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What Jewish Law Really Says About Abortion

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Alabama and Georgia have passed laws recently that limit or forbid abortions in unprecedented ways, joining a growing number of states that are attempting to dramatically restrict abortion access.

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During these charged times, it is appropriate for the Jewish community to remind ourselves that halakha (Jewish law) has a nuanced view of abortion.

It seems that many in the Orthodox Jewish community have not been overly worried by these and other efforts to curtail legal abortion. Ben Shapiro, a conservative commentator who identifies as an Orthodox Jew, has long been a loud voice in favor of government-imposed restrictions on abortion. He has cheered the recent state level bans in print, on social media and in his podcasts. He argues that Judaism is in the “pro-life” political camp, as opposed to “pro-choice.”

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But in America, the pro-life narrative is largely articulated by the Christian right, and there are important differences between how Judaism and Christianity view the span of time between conception and birth.

Earlier this year, New York state significantly eased its restrictions on abortions after 24 weeks (often called “late term abortion,” which carries ideological baggage and is preferred on the right). This makes it far more feasible for a woman to have a life-saving abortion, or an abortion of a genetically anomalous fetus, later in pregnancy. Importantly, the law does not allow for abortions after 24 weeks without a medical justification. Many of these abortions are fully in line with Jewish law but previously had been more legally questionable.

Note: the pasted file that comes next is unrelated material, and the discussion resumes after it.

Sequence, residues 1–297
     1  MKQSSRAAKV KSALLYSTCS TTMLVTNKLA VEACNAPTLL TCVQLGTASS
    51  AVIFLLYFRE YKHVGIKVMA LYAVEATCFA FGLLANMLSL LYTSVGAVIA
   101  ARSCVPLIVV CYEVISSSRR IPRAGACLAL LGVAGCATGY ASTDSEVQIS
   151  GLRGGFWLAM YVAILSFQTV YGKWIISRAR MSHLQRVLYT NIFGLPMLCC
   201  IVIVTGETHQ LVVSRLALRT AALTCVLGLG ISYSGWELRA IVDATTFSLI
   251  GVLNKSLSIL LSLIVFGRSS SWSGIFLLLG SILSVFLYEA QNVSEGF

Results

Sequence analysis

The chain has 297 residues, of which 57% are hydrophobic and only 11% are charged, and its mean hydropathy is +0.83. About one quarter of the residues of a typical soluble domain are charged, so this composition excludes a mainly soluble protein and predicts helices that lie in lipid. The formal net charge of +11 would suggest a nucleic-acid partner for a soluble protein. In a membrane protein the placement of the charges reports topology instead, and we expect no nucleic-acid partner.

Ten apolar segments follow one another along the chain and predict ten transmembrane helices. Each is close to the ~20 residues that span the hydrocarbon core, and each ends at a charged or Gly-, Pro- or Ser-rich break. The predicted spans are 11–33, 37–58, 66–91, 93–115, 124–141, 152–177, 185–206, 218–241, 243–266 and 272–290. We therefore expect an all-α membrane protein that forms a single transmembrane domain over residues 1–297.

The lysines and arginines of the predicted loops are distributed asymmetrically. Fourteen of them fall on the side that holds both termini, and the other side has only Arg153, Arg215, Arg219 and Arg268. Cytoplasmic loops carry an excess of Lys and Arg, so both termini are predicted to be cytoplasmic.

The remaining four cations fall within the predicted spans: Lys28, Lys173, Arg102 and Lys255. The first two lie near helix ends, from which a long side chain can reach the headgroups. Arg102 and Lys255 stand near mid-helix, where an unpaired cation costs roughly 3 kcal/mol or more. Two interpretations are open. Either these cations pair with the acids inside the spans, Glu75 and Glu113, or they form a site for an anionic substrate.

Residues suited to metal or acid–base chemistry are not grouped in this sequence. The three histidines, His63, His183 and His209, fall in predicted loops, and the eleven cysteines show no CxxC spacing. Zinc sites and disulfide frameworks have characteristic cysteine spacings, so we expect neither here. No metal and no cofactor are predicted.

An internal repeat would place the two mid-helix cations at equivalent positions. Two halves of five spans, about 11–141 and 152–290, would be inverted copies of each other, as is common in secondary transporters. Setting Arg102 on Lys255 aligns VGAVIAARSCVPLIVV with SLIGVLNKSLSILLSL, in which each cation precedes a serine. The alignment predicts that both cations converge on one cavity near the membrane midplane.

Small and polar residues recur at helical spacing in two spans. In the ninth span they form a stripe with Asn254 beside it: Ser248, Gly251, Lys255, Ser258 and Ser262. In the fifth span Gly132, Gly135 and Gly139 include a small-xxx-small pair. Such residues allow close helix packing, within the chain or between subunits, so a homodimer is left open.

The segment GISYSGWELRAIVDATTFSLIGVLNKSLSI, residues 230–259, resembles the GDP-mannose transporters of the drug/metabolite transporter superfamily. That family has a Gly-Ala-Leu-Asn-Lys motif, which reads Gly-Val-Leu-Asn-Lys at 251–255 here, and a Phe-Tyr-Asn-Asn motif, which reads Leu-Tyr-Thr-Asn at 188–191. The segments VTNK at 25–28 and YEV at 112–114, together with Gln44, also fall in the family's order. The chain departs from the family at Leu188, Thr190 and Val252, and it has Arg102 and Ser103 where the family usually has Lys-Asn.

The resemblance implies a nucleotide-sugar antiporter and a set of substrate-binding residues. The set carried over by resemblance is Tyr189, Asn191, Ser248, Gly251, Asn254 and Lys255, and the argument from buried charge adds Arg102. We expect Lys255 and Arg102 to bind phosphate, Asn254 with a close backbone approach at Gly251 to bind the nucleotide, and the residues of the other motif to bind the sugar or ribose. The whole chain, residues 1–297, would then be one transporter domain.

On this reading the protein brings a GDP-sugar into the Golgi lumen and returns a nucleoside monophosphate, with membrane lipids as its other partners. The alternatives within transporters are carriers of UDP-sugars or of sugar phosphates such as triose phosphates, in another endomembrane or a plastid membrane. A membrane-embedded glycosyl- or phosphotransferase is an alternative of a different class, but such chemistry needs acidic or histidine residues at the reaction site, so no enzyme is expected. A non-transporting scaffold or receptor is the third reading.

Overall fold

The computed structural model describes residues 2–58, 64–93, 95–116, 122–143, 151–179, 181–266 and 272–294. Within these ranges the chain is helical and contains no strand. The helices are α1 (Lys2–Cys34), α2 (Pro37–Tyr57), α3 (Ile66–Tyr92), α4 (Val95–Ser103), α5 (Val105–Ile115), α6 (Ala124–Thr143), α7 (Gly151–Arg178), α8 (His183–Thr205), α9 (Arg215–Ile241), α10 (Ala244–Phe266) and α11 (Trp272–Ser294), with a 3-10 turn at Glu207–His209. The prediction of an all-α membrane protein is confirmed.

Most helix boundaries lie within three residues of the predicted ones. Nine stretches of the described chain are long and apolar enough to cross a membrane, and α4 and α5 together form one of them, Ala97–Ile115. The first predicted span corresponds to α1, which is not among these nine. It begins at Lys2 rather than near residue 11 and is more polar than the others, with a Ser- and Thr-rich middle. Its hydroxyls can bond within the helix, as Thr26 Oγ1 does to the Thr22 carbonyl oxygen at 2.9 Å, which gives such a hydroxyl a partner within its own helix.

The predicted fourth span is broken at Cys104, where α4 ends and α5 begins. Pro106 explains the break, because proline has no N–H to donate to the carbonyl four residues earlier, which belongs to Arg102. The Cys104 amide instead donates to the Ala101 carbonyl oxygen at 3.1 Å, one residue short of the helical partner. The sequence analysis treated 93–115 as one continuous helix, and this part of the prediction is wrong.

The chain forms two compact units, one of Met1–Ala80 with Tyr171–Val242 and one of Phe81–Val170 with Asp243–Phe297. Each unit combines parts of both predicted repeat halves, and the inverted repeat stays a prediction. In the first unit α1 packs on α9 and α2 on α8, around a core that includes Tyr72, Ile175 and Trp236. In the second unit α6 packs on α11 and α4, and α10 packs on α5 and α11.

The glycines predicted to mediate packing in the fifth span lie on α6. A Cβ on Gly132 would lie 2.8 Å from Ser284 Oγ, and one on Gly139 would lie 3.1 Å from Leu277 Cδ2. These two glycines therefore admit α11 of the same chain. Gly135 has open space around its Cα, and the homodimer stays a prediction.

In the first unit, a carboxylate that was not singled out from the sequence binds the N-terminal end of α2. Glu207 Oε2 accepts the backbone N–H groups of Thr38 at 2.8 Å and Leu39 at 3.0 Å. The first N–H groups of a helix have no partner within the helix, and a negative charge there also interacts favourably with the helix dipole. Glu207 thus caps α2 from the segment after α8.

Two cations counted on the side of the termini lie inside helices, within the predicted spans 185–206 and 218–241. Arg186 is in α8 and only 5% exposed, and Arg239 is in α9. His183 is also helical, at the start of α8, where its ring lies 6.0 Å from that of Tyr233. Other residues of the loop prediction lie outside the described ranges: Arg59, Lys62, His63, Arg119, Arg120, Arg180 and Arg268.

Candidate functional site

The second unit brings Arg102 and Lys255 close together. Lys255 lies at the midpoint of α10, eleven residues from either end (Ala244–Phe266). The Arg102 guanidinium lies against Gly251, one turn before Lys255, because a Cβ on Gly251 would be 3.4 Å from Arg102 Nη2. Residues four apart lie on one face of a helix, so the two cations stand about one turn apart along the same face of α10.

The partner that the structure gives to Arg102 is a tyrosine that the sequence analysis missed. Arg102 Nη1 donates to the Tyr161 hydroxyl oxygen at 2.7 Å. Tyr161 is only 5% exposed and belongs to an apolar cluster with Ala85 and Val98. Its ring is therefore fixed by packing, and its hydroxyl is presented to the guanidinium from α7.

Both the Rabbinical Council of America and Agudath Yisrael, large organizations that represent Orthodox Jewish communities, condemned the decision because it allowed for “abortion on demand,” in the O.U.’s words, before 24 weeks.

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However, both organizations also support, as the RCA explained, “the part of the law that permits abortion, even at a late stage, when the mother’s life is at risk.”

Agudath Yisrael similarly wrote that it “opposes initiatives that would make abortion unlawful even in situations where termination of pregnancy is mandated by religious law … However, it is not necessary to make all abortions permissible in order to protect the rare instance when abortion is truly indicated.”

“Late term” abortion is not a medical term, but rather the political designation used by abortion opponents for cases where the procedure is done after 24 weeks — the point in pregnancy when a generic fetus is potentially capable........

© Haaretz